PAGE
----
What Did He Say? NH State Senator's 'Crass' Joke No Criminal Matter
CONCORD (AP) — The attorney general's office said Tuesday there is no credible evidence that a New Hampshire Senate intern was paid to keep quiet about an inappropriate comment a senator made to him.
Senate President Chuck Morse asked the attorney general's office in January to investigate allegations that an intern was given a job in the Senate clerk's office and an envelope of cash from former Senate Chief of Staff Jay Flanders in 2013 in exchange for not reporting a comment made by Sen. Andy Sanborn, a Bedford Republican now running for Congress.
On Tuesday, Senior Assistant Attorney General Geoffrey Ward said the investigation, which included 18 interviews and a review of Senate records, found no connection between Sanborn's comment, the job and the money, which Flanders said was a personal loan of about $200 for food and gas that was quickly paid back once the intern got his first paycheck.
"While this account is contracted by witnesses who stated the intern expressed that he was uncomfortable with the transaction and did not know why he had been given the money and therefore returned it to Mr. Flanders the following day, these inconsistencies do not establish that there was any connection to the incident with Senator Sanborn," Ward wrote in a letter to Morse. "There is no evidence here that any criminal acts were committed."
In December, when public records showed the Senate had consulted with a law firm specializing in harassment about the incident, Sanborn issued a statement saying he had used "crass language in response to an absurd statement made by someone" in his office. He said his wife, state Rep. Laurie Sanborn, was present at the time, and that a Senate staffer heard the comment and told then-Senate President Peter Bragdon.
"(Bragdon) and legal counsel fully explored it and determined it did not violate any Senate policy and no one in the room was offended by the joke. No complaint was filed," Andy Sanborn said. "At a time when women across this land are being harassed and disrespected, it is disgusting that anyone is trying to equate a crass joke to all the real challenges women are facing today."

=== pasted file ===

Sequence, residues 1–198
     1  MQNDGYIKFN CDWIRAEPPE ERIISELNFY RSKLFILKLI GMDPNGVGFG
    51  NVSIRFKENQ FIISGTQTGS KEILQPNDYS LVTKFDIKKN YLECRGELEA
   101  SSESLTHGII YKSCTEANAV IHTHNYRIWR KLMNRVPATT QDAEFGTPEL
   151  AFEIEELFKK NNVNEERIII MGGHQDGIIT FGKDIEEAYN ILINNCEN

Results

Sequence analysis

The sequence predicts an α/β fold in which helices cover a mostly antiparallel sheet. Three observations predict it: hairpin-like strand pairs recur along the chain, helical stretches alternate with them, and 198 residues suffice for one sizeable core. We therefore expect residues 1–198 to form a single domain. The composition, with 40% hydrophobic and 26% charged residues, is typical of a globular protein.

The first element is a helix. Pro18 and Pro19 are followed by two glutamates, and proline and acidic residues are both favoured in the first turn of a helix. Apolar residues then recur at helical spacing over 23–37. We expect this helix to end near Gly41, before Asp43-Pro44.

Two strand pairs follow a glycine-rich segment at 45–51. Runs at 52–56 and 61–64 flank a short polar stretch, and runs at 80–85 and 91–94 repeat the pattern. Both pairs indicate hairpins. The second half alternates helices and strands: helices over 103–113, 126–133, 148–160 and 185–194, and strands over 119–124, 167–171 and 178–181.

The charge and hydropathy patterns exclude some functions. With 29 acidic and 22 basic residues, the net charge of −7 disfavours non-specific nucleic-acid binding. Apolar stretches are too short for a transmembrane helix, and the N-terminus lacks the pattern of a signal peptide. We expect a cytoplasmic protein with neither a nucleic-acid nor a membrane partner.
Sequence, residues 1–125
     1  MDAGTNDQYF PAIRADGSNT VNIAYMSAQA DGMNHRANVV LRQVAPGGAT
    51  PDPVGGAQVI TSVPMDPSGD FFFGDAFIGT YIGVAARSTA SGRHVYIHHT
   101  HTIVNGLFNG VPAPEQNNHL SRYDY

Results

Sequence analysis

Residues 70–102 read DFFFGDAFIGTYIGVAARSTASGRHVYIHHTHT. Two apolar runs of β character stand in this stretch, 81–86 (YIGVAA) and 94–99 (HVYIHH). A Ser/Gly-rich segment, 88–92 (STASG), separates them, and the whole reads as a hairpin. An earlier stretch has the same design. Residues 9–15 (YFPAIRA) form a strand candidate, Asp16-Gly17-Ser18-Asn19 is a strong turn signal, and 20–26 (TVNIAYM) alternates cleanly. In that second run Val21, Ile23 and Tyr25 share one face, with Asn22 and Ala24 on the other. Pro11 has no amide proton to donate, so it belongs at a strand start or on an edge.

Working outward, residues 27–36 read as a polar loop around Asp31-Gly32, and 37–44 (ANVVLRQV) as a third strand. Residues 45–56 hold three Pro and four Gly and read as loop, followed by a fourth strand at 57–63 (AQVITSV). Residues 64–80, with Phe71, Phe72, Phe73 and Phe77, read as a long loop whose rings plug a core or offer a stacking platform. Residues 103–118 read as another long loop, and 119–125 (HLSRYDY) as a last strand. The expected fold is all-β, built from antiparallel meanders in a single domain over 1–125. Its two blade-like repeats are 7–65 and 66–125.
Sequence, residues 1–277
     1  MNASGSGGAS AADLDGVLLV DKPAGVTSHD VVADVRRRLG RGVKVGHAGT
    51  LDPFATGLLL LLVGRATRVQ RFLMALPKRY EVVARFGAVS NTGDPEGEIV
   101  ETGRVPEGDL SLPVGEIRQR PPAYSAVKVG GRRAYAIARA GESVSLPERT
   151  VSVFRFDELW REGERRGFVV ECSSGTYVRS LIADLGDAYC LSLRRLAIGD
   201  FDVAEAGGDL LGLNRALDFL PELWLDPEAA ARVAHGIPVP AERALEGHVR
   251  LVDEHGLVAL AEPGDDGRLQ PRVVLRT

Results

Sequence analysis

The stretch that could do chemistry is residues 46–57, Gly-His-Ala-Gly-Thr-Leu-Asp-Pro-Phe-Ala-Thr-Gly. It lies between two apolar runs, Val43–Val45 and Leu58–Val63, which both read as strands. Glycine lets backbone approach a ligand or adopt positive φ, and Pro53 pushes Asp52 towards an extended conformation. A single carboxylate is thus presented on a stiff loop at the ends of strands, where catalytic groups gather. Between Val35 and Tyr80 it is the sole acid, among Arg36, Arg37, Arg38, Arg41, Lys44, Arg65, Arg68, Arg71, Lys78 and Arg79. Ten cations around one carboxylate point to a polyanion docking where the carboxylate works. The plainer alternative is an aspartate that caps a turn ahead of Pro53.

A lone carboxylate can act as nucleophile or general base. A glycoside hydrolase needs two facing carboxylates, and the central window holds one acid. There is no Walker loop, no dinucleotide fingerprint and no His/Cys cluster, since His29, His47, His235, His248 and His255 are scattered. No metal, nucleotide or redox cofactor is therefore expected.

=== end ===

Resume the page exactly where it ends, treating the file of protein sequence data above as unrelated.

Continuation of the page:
On Tuesday, he said he was not questioned during the investigation because the allegations had nothing to do with him.
"Sadly, this just shows the climate we are in today, where complete fiction and wild speculation leads to investigations solely for political purposes," Sanborn said in a statement. "I am pleased to see that after several attempts by my political enemies to discredit me and others, we now can finally put this issue to rest that no one involved has ever done anything wrong, violated any policy or had any complaint filed."
Neither the investigation nor Sanborn gave further details on the content of the joke.
Senate Minority Leader Jeff Woodburn, D-Whitefield, said the payment to the intern was troubling even if it wasn't criminal.
"It is even more troubling that it took more than five years to look into this. This is yet another reason Republicans should be voted out of office this fall, and that change is needed to provide for transparency and independent oversight of these allegations at the State House, regardless of which party is in the majority," he said.
Sanborn is seeking the Republican nomination for the 1st Congressional District seat being vacated by Democrat Carol Shea-Porter.
Read the attorney general's letter to Morse here.